I'm a journalist, public speaker and the author of 'Mostly Cloudy, With Some Bright Spells'. I have a French husband, a ridiculous cat and some hideous diseases – ulcerative colitis, ankylosing spondylitis, fibromyalgia and scoliosis. Despite being in pain 24/7 I'm a relatively cheerful, mentalistic sort.
Anyone with IBD – whether they have Crohn’s disease or ulcerative colitis, whether they have a stoma, a J-pouch or all their insides intact, it doesn’t matter, we’ve all been in a situation where we’ve wanted the ground to swallow us up at some point, right? I mean, IBD is super embarrassing. It’s undignified. It’s painful, it’s disconcerting, it’s destructive, it’s stinky, it’s even more embarrassing than it was five seconds ago when I first typed ’embarrassing’. It’s a truly horrible disease. While our friends and family might be supportive of those of us inflicted with rotten insides, they will never truly get it.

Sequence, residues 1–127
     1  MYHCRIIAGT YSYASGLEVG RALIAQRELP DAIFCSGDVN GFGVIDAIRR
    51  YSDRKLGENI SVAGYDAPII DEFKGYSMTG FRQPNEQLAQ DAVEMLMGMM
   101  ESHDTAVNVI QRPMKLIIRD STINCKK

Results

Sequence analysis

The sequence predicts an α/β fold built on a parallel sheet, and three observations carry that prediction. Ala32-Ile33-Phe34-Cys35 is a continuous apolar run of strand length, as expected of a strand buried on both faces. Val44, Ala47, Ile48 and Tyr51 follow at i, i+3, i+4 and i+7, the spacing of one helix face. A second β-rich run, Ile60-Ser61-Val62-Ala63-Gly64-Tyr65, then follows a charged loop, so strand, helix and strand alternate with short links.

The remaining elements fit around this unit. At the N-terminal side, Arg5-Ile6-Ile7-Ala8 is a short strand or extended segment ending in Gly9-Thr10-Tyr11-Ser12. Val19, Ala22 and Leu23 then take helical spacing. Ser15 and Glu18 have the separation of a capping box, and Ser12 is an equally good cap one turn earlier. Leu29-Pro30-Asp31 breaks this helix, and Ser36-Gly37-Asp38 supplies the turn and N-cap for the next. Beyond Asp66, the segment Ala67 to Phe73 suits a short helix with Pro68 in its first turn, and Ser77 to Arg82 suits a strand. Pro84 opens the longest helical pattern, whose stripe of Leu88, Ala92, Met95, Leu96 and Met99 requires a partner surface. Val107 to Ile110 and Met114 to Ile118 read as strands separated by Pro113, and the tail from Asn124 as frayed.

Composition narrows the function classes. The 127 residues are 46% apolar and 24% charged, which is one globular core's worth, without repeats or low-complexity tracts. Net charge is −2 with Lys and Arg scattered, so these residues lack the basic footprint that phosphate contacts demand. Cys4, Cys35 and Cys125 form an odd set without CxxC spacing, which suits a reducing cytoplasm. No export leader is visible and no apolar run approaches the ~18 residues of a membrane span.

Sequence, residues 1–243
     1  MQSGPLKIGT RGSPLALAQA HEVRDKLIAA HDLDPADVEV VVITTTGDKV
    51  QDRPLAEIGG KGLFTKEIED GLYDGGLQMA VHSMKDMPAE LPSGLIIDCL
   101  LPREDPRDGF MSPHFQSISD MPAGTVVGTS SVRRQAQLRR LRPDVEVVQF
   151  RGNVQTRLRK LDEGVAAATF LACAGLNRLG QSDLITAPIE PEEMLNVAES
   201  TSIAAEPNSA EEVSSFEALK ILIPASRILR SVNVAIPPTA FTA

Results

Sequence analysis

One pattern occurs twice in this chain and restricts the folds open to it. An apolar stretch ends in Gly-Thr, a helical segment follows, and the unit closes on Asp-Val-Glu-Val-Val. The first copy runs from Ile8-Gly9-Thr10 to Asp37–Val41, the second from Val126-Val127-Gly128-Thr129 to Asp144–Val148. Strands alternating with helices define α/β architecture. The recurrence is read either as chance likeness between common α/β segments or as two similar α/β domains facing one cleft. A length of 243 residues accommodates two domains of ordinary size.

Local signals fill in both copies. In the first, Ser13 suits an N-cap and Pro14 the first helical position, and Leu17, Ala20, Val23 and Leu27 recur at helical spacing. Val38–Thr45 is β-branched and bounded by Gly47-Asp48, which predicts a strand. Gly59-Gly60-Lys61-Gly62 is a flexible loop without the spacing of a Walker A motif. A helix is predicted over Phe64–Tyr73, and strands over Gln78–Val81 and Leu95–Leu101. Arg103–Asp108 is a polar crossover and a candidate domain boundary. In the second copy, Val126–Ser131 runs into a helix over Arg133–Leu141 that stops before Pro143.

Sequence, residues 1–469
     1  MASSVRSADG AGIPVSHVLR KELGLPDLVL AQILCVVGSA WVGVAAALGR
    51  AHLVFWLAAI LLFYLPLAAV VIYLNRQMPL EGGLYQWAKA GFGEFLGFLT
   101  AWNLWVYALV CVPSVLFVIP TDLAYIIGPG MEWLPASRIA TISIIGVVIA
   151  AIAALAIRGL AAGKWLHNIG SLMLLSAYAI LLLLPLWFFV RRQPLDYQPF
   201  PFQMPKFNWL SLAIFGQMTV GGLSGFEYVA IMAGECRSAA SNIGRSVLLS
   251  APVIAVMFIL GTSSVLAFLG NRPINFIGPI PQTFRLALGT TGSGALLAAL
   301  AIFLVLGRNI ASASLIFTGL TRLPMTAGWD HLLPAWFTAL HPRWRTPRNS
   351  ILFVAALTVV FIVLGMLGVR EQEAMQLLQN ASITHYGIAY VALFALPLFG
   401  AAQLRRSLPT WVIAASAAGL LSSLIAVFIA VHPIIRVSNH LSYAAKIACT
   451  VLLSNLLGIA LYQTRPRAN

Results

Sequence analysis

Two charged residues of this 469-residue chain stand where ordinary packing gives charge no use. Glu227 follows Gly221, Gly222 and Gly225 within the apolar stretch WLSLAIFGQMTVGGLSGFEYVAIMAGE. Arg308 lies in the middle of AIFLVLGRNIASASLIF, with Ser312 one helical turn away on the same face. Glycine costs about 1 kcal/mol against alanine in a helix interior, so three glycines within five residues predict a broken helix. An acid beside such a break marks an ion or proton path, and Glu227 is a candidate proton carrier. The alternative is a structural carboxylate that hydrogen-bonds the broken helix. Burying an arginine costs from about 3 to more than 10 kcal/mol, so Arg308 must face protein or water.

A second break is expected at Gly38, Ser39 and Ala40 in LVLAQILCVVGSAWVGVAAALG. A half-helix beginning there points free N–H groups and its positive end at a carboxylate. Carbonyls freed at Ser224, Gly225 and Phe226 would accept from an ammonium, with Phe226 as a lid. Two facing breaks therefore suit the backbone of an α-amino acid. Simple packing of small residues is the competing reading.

One of the reasons that people don’t understand what we go through is that we probably don’t actually tell them. I mean, not in detail. That’s because the details are pretty grim and most of us (myself excepted) are too polite to talk about what’s going on within our intestines, never mind what comes out of them. So here it is: part one of a ‘this is the truth about you, me & IBD’. Feel free to share the link with your nearest and dearest. You might find they no longer find it weird that you cancel social activities at the last minute, or ask more questions than an SS interrogator when deciding whether or not to go to the zoo or out for lunch. Who knows, you might even get a biscuit out of it.